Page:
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Court Grants Motion to Compel Defendant to Produce Documents as Requested and Chronicle Approach – eDiscovery Case Law
In Home Instead, Inc. v. Florance, No. 8:12CV264, 2013 U.S. Dist. (D. Neb. Nov. 8, 2013), following a motion to compel discovery on behalf of the plaintiff, Nebraska Magistrate Judge Cheryl R. Zwart ordered the defendant to produce documents requested during discovery and required the defendant to produce a sworn affidavit chronicling the methods used in their search for production of the discovery documents.
During this dispute over a franchise agreement, the parties were ordered to meet for a discussion of the discovery matter but failed to resolve any issues. The plaintiff alleged the documents were not produced due to the defendant’s destruction, deleting, selling, shredding, or otherwise discarding of the documents. The plaintiff also alleged that their attempts at searching electronically for documents fell short of a good faith effort and was therefore inadequate. According to testimony by both David and Michelle Florance, the defendants, there was not a thorough search of email accounts for responsive documents. This “broad” search did not include reviewing client paper files, employee files, caregiver logs, or client care plans or service contracts.
Additionally, the defendants were unable to explain what efforts their employees used to find information. Furthermore, their electronic search merely consisted of looking for the words “Home Instead”, and they subsequently deleted any documents found. The defendants did not retain a copy or forward the document to counsel. Judge Zwart agreed with the plaintiff and felt they were entitled to a sworn affidavit, “not only to determine the extent of the defendants’ search for production of responsive discovery”, but to also assess the defendant’s culpability in failing to preserve evidence used in litigation.
As to the manner of production, the plaintiff alleged the defendants provided “one large PDF that contains no metadata, no indication of parent-document relationship, on no indication as to the beginning and end of each document.” The motion requested Judge Zwart to compel the defendants to produce their discovery responses in compliance with the Federal Rules.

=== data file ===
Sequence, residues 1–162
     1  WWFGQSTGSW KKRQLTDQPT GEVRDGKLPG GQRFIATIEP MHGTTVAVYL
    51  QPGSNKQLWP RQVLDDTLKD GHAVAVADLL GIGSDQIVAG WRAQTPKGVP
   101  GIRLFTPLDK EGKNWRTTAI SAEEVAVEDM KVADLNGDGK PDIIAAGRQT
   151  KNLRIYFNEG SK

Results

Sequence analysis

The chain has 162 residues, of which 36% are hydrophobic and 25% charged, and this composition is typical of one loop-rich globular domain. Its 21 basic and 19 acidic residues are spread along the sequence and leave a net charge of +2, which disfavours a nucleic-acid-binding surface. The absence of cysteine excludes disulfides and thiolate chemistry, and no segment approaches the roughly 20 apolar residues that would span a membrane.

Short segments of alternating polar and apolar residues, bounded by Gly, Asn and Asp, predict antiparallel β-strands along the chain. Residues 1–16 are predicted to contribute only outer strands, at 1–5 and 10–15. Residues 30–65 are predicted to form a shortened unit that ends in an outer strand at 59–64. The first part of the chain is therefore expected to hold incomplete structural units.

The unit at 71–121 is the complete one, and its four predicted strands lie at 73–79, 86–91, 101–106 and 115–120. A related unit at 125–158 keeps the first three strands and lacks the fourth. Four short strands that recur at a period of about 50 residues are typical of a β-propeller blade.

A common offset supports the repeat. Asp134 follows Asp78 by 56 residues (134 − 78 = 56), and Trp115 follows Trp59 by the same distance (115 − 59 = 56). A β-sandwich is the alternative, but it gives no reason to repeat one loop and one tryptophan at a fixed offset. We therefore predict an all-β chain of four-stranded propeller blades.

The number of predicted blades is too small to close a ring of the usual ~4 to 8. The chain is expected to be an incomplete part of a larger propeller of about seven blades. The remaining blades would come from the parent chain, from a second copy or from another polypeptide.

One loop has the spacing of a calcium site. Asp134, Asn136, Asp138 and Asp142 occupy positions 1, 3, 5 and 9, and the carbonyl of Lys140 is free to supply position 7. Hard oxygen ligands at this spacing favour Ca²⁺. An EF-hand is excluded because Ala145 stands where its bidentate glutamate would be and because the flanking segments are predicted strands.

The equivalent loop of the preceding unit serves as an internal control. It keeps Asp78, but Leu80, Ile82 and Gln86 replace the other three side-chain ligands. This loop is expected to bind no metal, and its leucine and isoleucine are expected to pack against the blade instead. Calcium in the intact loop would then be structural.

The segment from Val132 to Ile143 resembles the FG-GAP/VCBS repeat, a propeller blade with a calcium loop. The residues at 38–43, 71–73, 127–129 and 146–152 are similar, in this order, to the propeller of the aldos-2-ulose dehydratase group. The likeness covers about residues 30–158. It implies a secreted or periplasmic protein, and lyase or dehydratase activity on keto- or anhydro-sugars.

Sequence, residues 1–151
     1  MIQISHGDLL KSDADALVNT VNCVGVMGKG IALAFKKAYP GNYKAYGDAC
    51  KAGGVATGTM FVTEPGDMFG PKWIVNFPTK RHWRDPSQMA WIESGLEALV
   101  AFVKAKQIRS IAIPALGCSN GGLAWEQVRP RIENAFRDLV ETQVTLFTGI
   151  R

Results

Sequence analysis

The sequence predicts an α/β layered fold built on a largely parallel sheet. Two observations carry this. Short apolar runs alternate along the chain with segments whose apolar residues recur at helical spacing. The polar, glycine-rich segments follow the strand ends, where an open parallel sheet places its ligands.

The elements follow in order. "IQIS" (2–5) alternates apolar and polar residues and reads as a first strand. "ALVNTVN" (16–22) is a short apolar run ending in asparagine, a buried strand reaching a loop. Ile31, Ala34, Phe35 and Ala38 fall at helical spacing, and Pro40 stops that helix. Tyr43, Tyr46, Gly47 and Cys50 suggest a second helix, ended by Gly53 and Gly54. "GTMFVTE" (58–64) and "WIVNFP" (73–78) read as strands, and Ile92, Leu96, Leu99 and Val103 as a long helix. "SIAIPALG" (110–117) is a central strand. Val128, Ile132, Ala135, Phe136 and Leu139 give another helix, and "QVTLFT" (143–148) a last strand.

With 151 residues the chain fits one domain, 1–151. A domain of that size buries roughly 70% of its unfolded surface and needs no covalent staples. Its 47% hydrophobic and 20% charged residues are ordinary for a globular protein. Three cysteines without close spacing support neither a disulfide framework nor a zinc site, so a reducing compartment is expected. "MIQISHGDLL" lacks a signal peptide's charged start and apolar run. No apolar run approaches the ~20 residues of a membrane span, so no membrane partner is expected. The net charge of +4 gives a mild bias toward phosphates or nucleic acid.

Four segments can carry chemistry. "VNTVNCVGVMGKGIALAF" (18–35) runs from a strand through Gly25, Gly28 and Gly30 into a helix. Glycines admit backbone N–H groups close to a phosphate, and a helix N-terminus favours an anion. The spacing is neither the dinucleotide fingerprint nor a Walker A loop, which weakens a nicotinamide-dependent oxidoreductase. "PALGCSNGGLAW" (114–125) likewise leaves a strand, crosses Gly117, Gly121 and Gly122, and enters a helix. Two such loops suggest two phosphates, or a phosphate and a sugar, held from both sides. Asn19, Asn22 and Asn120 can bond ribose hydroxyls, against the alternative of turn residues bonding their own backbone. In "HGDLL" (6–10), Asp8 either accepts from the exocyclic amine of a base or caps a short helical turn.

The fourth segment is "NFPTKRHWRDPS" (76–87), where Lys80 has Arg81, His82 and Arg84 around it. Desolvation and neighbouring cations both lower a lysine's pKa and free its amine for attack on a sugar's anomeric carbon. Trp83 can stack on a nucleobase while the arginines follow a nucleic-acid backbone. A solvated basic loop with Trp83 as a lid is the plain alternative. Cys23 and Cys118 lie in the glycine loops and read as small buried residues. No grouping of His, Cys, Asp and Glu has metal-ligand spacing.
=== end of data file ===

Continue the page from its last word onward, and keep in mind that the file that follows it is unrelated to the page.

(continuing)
According to the parties’ Rule 26(f) report, any document maintained in electronic form during a party’s normal course of business will also be produced in electronic form as “searchable TIFF images with load files to allow images to be loaded into a document production database.” Those documents not produced in electronic form in a party’s ordinary course of business and not scanned into electronic form prior to the date of production are allowed to be produced in the manner in which they are maintained. In addition, Rule 34(b)(2)(e) of the FRCP states that a party “must produce documents as they are kept in the usual course of business or must organize and label them to correspond to the categories in the request.”
The defendant’s deposition testimony showed that while the defendants located electronic documents, they did not produce them in an electronic format as required under their agreement with the Plaintiff or the federal rules. They also failed to organize and label any documents that may have existed in their usual course of business, a requirement under the Federal Rules. Judge Zwart agreed with the plaintiff, stating that the defendants “failed to organize and label [the documents] as required under the Federal Rules,” and granted the plaintiff’s motion to compel.
So, what do you think? Should the motion to compel have been granted? Please share any comments you might have or if you’d like to know more about a particular topic.
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